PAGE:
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Old December 27, 2011, 01:48 AM   #4
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I just got a TLR 1S light for Christmas . It's rated at 160 lumens. It's damn bright. I was seeing spots for several minutes. Yeah don't look at it.
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Old December 27, 2011, 09:31 AM   #5
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How many lumens to get a disorienting effect?

I've heard of people using a very bright flashlight to gain an edge by more than just illuminating the bad guy. How bright do you have to go to degrade the opponent's ability to do harm?
Surefire has been quick to market their lights as weapons. This hype has been well overstated. FOF training at Thunder Ranch showed how a "blinded" bad guy can still manage to defeat multiple oppoenents by targeting the lights and the area around them.

Sure, some folks will succomb to bright light, but it isn't a reaction that you can count on occurring. Similarly, a lot will stand down to a forcefully issued command, but that isn't a reaction you can count on occurring either.

To paraphrase a quote from the past, "It's a light, not a laser weapon."
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Old December 27, 2011, 02:37 PM   #6
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As stated before, it depends. I remember going through the police academy 11 years ago and all the instructors were saying 40 lumens. My how times have changed...

I'd say anything over 100 is plenty, provided it focuses properly. I run TLR1Ss because the brightness of that light with a strobe is insanely disorienting.
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Old December 27, 2011, 08:41 PM   #7
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How bright do you have to go to degrade the opponent's ability to do harm?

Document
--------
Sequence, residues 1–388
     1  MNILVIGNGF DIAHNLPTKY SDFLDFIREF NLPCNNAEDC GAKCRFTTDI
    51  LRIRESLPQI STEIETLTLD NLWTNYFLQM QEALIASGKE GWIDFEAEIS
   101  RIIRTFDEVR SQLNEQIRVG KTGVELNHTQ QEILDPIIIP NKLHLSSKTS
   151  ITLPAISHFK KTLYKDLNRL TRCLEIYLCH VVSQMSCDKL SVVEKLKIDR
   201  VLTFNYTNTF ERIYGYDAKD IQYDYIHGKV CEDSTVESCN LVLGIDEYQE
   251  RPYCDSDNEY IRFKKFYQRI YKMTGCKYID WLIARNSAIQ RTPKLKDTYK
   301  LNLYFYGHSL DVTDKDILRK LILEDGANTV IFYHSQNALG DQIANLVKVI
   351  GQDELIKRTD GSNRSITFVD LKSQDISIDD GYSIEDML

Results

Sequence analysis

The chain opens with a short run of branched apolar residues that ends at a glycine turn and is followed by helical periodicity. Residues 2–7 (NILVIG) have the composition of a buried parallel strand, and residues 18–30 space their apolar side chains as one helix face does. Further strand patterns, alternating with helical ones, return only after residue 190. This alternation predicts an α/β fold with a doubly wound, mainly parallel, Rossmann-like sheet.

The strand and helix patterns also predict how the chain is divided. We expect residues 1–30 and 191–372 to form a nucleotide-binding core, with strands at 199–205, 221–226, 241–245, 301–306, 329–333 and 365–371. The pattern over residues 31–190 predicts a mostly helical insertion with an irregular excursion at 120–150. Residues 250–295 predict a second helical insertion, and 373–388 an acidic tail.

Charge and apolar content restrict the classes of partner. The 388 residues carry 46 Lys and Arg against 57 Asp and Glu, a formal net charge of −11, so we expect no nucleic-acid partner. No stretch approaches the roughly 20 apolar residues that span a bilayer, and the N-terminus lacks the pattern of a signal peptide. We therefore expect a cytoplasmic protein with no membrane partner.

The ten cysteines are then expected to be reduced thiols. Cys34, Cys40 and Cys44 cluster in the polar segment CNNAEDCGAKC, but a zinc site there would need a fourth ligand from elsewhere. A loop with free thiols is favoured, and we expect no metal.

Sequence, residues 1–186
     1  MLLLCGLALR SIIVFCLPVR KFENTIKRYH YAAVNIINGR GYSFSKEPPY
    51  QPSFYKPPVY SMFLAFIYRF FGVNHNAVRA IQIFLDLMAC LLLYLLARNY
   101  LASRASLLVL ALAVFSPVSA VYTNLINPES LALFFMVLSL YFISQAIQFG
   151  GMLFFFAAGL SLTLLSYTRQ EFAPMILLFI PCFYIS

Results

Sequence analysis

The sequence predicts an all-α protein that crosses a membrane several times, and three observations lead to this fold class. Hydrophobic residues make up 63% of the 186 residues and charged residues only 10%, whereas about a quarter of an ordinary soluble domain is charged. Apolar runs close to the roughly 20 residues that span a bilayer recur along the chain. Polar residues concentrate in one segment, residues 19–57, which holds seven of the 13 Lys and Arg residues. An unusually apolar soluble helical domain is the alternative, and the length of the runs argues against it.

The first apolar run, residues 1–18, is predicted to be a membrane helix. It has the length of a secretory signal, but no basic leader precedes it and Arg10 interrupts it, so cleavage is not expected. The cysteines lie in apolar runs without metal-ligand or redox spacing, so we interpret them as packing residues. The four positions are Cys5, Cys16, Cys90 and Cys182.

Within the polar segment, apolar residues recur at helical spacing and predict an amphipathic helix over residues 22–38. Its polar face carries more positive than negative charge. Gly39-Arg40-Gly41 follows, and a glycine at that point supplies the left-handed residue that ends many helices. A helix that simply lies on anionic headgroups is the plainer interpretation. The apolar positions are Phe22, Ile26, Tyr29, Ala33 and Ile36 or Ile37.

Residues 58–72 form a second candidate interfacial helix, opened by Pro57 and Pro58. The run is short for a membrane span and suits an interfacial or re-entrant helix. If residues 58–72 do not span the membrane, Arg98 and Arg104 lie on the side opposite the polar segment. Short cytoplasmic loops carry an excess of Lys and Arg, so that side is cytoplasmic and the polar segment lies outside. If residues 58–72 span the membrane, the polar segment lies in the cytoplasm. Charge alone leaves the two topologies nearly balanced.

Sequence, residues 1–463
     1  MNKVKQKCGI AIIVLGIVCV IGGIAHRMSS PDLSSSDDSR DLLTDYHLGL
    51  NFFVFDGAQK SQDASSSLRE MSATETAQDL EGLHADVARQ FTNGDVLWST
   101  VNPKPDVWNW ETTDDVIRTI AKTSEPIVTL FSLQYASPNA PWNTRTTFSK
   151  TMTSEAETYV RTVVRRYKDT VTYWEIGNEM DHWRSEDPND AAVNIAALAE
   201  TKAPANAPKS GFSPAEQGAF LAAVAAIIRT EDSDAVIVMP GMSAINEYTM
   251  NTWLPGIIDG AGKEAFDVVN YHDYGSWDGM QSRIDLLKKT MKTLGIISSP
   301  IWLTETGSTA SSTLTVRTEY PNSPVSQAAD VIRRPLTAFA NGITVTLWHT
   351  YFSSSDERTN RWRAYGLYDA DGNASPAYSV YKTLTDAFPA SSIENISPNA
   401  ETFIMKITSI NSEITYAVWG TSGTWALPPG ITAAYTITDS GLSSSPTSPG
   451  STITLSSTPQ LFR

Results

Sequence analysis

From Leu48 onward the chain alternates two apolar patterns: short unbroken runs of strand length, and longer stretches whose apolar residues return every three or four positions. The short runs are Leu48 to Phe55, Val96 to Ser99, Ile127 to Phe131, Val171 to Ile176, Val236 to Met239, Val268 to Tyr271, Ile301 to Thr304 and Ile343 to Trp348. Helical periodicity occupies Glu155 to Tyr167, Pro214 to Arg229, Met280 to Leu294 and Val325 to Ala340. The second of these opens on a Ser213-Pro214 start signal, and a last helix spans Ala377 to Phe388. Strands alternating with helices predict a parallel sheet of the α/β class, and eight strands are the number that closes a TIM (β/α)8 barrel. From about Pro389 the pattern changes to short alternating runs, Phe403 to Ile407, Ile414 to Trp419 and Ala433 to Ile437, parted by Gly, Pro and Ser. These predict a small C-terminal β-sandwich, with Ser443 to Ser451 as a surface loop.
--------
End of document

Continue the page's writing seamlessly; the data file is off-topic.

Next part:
As part of your self defense system, a good strong flashlight could give you the edge for a second or two. Especially when you consider that a flashlight can be used as a striking weapon as well as a tool to provide a blinding light.

As far as a flashlight degrading an opponent's ability to harm you, I wouldn't consider even a very bright flashlight such as a Surefire such a tool. Best case, it might certainly cause some people to stand down, but it isn't something that you could count on as being a primary self defense weapon.

Worse case, bright light certainly makes a very good target don't you think?
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Old December 27, 2011, 09:50 PM   #8
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How many lumens is muzzle flash from a 45 acp? (sic)
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Old December 28, 2011, 02:10 AM   #9
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There are lights out there that pulse at a certain rate that acually causes nausea and sickness.It usually has different colors also,green if I believe.
I saw it on Modern Marvels I think.
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Old December 28, 2011, 11:22 AM   #10
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My gut feeling is the ability of a flashlight to render somebody helpless is over rated. If the effect was practical then whenever somebody left their high beams on the road would be nothing but a string of crashes in their wake.

I'll use a light for seeing and any disorentation of the bad guy is just an unexpected bonus.
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Old December 29, 2011, 01:19 AM   #11
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Light em up!....

To my limited knowledge, 65lum is considered by most US law enforcement instructors to be the min for a "white light" or tactical duty light.
Im not Bill Nye, , but I'd buy a high quality light with a strobe/LED-CREE light of 150-250lum.
New designs & improved lights are always out there.
ps: Dont tell the bad-guys, !